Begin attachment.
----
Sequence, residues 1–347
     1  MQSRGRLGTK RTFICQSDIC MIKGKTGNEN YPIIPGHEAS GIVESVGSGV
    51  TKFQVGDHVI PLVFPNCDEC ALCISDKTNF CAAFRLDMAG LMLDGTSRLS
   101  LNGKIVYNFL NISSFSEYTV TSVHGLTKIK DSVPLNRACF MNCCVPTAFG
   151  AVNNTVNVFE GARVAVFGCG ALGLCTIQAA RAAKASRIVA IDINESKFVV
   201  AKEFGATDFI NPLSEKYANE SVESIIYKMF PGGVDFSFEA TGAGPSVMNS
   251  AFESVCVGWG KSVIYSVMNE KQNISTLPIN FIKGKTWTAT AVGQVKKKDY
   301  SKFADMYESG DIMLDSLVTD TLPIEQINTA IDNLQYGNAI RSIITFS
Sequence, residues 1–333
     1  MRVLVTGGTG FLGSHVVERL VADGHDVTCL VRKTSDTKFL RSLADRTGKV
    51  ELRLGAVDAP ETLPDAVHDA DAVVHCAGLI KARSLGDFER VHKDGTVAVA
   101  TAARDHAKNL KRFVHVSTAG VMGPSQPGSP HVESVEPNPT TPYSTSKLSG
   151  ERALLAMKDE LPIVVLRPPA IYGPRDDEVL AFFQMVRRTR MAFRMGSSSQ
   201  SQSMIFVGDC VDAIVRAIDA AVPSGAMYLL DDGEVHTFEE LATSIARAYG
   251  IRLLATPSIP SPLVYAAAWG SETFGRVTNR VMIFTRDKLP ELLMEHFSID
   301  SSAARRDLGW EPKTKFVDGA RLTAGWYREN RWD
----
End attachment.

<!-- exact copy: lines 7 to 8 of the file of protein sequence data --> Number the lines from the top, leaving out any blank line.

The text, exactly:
   251  AFESVCVGWG KSVIYSVMNE KQNISTLPIN FIKGKTWTAT AVGQVKKKDY
   301  SKFADMYESG DIMLDSLVTD TLPIEQINTA IDNLQYGNAI RSIITFS